Peter Pan concept art by Mary Blair. More at my Flickr set
Concept art for Disney’s Sleeping Beauty by Eyvind Earle
Montgomery Clift photographed by Stanley Kubrick in NYC, 1949.
speaking of seeing Tori Amos, I never really talked about it since I don’t really talk at all on this blog.
I dove headfirst into Tori in 2007, just before she put out a new album. I’ve been trying to see her live ever since, but we’ve never been in the same city at the same time.
I bought a ticket to see her in DC (about halfway back in the auditorium) and was pleased just to be going. I’d had a rough week and the night before decided to check to see if any other seats had opened up. they had, and I retail therapy’d my way into 6th row.
I get to the venue early, because Tori does regular meet & greets before her shows. after waiting in the sun for 7 hours, I was about 8 people away from the cut-off. which might be a good thing; I’d been rehearsing what I was going to say and request for a few days but I knew when it actually happened I’d say the same stuff she hears from everyone else: “thank you for your music; it’s helped me out a lot; plz play X or cover Y bye.”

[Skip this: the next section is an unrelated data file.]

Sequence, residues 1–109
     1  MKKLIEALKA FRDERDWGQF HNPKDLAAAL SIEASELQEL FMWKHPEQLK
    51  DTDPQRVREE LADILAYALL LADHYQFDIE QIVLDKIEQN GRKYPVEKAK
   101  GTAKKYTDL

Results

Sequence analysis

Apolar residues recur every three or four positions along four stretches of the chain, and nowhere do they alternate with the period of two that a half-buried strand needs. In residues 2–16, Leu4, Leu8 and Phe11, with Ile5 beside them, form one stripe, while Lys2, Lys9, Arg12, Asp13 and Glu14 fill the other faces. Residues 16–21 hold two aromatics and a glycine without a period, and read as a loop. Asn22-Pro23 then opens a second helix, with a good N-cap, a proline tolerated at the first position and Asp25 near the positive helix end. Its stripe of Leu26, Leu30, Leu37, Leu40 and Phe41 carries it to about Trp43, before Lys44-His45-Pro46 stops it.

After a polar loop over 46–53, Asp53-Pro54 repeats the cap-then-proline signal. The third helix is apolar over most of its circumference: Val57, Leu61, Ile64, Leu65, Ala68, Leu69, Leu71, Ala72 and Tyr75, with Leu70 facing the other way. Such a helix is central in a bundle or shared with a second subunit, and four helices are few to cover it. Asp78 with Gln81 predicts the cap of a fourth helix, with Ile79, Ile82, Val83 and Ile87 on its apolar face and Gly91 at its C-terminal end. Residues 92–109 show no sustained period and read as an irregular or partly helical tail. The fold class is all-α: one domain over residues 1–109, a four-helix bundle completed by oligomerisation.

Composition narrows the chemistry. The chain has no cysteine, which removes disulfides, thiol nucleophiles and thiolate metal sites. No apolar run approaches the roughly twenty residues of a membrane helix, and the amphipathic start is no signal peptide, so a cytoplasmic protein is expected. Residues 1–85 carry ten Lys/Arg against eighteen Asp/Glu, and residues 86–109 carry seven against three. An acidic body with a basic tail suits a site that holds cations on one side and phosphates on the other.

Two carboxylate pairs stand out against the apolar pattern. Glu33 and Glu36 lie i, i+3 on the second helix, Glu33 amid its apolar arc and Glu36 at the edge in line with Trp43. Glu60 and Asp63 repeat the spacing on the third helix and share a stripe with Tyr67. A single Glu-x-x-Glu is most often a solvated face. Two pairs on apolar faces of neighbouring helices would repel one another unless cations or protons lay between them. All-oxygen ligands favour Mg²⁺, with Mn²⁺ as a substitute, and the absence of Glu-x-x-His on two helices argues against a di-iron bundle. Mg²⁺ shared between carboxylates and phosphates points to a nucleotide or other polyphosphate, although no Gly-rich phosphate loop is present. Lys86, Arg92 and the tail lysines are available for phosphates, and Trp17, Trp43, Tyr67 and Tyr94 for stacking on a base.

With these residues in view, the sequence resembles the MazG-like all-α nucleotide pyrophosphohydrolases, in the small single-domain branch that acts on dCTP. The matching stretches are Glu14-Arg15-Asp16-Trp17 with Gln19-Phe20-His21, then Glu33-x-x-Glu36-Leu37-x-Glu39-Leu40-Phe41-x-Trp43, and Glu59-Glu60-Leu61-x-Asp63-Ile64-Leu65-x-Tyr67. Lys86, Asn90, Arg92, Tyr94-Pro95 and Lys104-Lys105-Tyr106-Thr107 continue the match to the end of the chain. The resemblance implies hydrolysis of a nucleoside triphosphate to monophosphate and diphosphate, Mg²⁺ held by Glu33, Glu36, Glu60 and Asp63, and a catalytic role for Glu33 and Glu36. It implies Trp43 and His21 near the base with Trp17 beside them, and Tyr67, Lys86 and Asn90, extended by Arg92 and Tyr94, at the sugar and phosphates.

I get inside the venue at showtime and find out my sixth-row seat is actually third row, and I’m just barely to her left. and it’s silly to say, but even though there were a ton of people in that room there was something magical about being so close to (here we go) someone whose words and thoughts and ideas and noodling notes have left such an impression on me; someone whose songs have helped me process and internalize how I feel or how others make me feel, who has written songs that seem so relatable that it’s like they’re written for my exact situation at that time in my life.
so even though it wasn’t my favorite setlist—though she only played two songs I don’t care for—it’s a concert and overall experience that I can’t stop thinking about almost a week after the fact.